China turned on the credit taps in late 2008 to shield from recession.
Beijing: When Wu Qi and her husband traded in their Mazda 3 for a more expensive Mercedes Benz sedan, they applied for a 200,000 yuan ($29,000) bank loan to help pay for it. They got the money within minutes.
Quick and easy access to credit has encouraged many young Chinese to go into the red to buy cars and apartments they could not otherwise afford.
They are the faces of China’s growing addiction to debt, which along with government and corporate borrowing, has raised fears of a looming crisis and prompted Moody’s to slash the country’s credit score last week for the first time in nearly three decades.
“It is very easy — the car company encourages you to borrow the money and enjoy the car,” said Wu, 39, adding the couple is also paying off a one million yuan mortgage for a three-bedroom flat in Beijing.
Since Chinese leaders turned on the credit taps in late 2008 to shield the country from the global recession, household borrowing has soared and pushed China’s overall debt liabilities above 260 per cent of GDP — compared with about 140 per cent before the crisis hit.
But slowing growth has raised concerns that years of risky lending could lead to a disaster worse than the US sub-prime collapse.
“While such debt levels are not uncommon in highly rated countries, they tend to be seen in countries which have much higher per capita incomes, deeper financial markets and stronger institutions than China’s,” Moody’s said.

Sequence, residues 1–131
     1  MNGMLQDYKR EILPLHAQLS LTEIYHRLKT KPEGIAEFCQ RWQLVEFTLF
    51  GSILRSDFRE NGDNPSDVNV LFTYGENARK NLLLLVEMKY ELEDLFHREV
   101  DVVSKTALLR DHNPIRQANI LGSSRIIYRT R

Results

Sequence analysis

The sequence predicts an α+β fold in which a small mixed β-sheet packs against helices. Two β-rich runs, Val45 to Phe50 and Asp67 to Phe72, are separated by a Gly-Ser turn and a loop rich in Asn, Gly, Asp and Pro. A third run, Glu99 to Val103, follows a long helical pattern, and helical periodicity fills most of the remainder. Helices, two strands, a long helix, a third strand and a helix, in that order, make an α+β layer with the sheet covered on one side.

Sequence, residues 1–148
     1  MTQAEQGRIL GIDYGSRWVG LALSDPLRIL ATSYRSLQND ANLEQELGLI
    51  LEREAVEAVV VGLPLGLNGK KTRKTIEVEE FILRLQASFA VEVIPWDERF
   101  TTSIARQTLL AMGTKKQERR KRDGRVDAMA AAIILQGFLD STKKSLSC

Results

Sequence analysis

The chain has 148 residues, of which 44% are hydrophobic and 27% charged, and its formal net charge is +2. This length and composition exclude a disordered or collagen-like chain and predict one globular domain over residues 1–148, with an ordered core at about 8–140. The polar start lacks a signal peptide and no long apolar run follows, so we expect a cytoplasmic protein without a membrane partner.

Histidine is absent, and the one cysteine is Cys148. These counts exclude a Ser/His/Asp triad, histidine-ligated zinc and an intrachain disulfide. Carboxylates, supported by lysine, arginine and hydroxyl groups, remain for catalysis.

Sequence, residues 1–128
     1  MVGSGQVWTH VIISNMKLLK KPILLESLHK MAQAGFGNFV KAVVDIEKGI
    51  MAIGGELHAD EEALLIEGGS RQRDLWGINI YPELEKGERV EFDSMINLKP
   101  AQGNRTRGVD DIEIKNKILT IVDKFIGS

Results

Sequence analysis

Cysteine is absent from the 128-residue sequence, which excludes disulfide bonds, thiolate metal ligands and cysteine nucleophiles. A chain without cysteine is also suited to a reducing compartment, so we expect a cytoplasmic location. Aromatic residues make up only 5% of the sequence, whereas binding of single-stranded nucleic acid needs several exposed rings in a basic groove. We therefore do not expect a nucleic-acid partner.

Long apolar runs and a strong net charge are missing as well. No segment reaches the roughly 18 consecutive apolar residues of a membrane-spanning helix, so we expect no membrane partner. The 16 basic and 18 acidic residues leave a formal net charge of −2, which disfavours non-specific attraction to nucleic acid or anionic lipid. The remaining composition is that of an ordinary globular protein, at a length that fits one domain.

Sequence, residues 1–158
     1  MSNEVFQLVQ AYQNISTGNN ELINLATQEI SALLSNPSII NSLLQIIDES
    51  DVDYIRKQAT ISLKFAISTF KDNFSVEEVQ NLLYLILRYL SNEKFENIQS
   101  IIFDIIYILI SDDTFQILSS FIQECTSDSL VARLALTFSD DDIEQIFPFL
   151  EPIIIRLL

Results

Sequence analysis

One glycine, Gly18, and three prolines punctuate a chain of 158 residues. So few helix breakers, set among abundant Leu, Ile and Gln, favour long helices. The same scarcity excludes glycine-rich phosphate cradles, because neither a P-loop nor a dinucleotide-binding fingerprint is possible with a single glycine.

Household debt has become the major driver of China’s credit growth, expanding by an average of 19 percent a year since 2011, said Chen Long, an economist at Gavekal Dragonomics.
If it continues to grow at this pace, household debt would reach roughly 66 trillion yuan by 2020 — more than double the current level — and potentially 70 percent of GDP versus 30 percent back in 2013.
“Other countries have usually taken decades to complete such an increase,” said Chen.
“For bank lending to households to rise very rapidly usually means lending standards are loosened so credit is extended to both more and less creditworthy consumers.”
Chinese have long favoured putting their savings into bricks and mortar due to the low bank deposit rates on offer, volatility in the stock market and strict rules to invest money abroad. But as apartment prices have soared — often doubling within a few years, particularly in major cities — fears of a real estate bubble have mounted.